FIRE IN THE BLOOD movie, Now on Netflix

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Terry

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In this much-needed critique of Big Pharma (narrated by William Hurt), activists and intellectuals expose how Western pharmaceutical companies, in pursuit of higher profits, systematically block access to life-saving AIDS drugs in the global south.


Since 1996, drug companies have abused patent laws to prohibit the sale of affordable generic drugs, leading to the unnecessary deaths of millions of people in developing countries.
Fire in the Blood documents the inspiring work and impressive headway activist groups have made in the struggle against these corporate practices, and interviewees like Bill Clinton, Bishop Desmond Tutu and New York Times journalist Donald G. McNeil Jr. all share insights about the need to keep to fighting.

(Dylan Mohan Gray, United Kingdom/India, 2013, 87 min)


Sponsored by the Western Regional International Health Conference, organized by the Global Health Resource Center at the University of Washington


Special introduction from
James Love, Director of Knowledge Ecology International!



Updated 3/26/2016
I talked to my brother James P. Love, and there is talk of this being made into a movie.
Some big name actors are being talked about.
 
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Terry

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James Packard ‘Jamie’ Love is the founder and director of Knowledge Ecology International (KEI), a Washington- and Geneva-based non-governmental organization concerned with intellectual property- and access to knowledge issues, as well as a key contributor to Fire in the Blood.

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George W. Bush, provided money for the program.

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Yusuf Hamied the president of Cipla, a provider of many of the branded drugs we take in the US

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Bill Clinton

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Desmond Tutu on the right.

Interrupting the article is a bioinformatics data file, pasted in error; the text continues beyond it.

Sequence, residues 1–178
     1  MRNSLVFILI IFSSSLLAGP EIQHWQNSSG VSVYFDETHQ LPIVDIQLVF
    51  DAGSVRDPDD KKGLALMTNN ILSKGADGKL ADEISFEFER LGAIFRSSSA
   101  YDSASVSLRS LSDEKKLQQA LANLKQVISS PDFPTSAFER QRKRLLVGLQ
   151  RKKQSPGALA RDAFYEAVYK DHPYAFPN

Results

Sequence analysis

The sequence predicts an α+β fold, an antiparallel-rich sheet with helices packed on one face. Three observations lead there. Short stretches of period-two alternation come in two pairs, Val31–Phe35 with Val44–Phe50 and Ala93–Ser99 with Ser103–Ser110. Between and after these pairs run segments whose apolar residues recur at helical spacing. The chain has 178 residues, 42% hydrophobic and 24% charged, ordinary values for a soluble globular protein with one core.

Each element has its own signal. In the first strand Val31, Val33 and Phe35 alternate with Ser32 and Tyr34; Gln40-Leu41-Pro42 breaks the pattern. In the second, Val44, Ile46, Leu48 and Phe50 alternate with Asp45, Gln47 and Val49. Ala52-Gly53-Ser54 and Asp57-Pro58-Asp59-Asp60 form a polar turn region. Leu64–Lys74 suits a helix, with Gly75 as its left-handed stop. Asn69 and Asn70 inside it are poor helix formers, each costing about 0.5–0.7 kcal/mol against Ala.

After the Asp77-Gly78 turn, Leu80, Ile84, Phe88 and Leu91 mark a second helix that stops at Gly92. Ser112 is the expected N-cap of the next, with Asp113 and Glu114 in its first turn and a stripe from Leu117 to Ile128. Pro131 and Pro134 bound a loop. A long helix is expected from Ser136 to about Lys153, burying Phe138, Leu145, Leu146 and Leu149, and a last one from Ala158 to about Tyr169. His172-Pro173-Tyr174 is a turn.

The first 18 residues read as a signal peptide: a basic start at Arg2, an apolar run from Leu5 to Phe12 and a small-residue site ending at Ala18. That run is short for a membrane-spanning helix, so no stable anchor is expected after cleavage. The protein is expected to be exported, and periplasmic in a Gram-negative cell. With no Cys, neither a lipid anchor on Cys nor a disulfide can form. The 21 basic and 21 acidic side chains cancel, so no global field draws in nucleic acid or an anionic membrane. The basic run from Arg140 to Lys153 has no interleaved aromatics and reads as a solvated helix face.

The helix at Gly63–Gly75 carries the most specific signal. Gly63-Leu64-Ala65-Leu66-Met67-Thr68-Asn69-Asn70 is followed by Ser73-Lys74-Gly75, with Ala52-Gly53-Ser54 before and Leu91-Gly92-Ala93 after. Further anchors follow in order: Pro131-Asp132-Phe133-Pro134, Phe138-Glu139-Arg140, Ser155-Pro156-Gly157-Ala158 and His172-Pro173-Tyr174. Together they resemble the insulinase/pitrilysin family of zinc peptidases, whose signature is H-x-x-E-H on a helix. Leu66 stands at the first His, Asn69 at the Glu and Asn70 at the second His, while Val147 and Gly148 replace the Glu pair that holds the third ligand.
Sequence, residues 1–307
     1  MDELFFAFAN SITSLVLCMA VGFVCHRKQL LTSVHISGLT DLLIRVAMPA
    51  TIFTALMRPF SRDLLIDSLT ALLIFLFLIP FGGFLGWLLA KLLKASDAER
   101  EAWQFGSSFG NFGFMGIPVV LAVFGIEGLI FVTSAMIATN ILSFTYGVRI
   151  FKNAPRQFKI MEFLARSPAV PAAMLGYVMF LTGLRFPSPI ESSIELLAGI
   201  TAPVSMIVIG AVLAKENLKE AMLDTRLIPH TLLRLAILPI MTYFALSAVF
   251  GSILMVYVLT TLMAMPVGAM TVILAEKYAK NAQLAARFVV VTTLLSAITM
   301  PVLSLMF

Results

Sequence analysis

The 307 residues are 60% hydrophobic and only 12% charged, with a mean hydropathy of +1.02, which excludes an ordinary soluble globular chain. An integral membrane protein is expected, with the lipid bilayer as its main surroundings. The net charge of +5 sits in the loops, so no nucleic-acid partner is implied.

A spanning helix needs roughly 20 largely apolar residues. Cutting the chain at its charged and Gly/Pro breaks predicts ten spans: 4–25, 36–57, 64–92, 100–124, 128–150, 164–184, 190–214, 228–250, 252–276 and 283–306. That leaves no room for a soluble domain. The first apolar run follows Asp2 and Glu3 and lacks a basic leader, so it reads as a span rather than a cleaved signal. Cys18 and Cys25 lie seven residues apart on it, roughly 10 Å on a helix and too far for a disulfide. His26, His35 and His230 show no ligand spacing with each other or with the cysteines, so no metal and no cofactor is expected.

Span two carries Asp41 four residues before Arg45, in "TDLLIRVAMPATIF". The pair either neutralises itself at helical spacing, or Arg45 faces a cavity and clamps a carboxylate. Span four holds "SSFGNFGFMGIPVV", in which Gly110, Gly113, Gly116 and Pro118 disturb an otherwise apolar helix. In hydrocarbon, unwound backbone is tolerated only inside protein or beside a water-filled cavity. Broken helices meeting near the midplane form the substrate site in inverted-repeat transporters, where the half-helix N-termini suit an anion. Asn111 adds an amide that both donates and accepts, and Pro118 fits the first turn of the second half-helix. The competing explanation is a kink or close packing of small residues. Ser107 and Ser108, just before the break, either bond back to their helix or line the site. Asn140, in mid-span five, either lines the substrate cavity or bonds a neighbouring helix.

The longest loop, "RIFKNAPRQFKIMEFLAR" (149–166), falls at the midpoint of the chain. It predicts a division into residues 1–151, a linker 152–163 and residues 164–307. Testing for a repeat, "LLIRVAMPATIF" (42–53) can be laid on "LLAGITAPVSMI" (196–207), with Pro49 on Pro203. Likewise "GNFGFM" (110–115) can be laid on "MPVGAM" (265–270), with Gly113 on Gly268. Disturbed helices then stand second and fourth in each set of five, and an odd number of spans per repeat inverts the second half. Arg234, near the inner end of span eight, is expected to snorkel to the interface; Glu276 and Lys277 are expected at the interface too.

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Terry

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Fire In The Blood, a much-needed critique of Big Pharma

Sue and I went to this movie Saturday night.
It was a sell out on Saturday, so they added Sunday night at 7:00 in Seattle.

It's a historical account of the problems in third world countries to get life saving medications. Mainly, how to get generic drugs to in a cost effective way to save lives and prevent further infections.
Included in the film are Desmond Tutu, Bill Clinton and what he does with his foundation, clips of a George Bush state of the union address,mentioning his new effort to help the problem while he was president, James Love, who brought the pricing issue up and what it would cost to save millions of lives. James P Love went to India and talked to Yusuf Hamied the president of Cipla, a provider of many of the branded drugs we take in the US, he found that a $15,000 drug treatment for a year could be gotten for $350 a year. Cipro's president offered the product in those third world countries at his cost.
Because of that generosity, those in treatment went from 8,000 a year, to 8,000,000 a year. They also found that in Africa, they were much better at following the medical treatment regime than those of us in the Western world. The fear had been by many skeptics that they wouldn't follow instructions, but in studies, they were better.
In Western Europe, incomes can vary by 10 times depending on country. A one price fits all, leaves a lot of people, by a mistake of birth, in a country that can't afford health care and the needed drug saving drugs. James Love, and others, are trying to level the playing field, and reduce, what should I call this? Genocide of millions world wide, while we ignore the human condition that exists in those parts of the world?
In the United States, in a similar way, with our aging population, not everyone will be able to afford live saving drugs.
For breast cancer, a single treatment can be $9,000, and you go through many of these treatments if you have cancer.
There is a thought, that there should be a different model for awarding profit and income than the current formula.
How much profit is enough in an industry that could be seen as life saving, but allows itself to ignore entire populations that are suffering and dying.
I make good money as a plumber, but I don't price my product at the cost of your life. Often times, the pricing is done with the idea of, what will they pay to continue living; not what it cost. As mentioned above, a $15,000 a year treatment, when the right questions were asked, dropped to $350.

What can you do?
Bringing the movie to your home town or school would be a nice start

 
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Terry

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Bayer CEO Marijn Dekkers explains: Nexavar cancer drug is for "western patients who can afford it.â€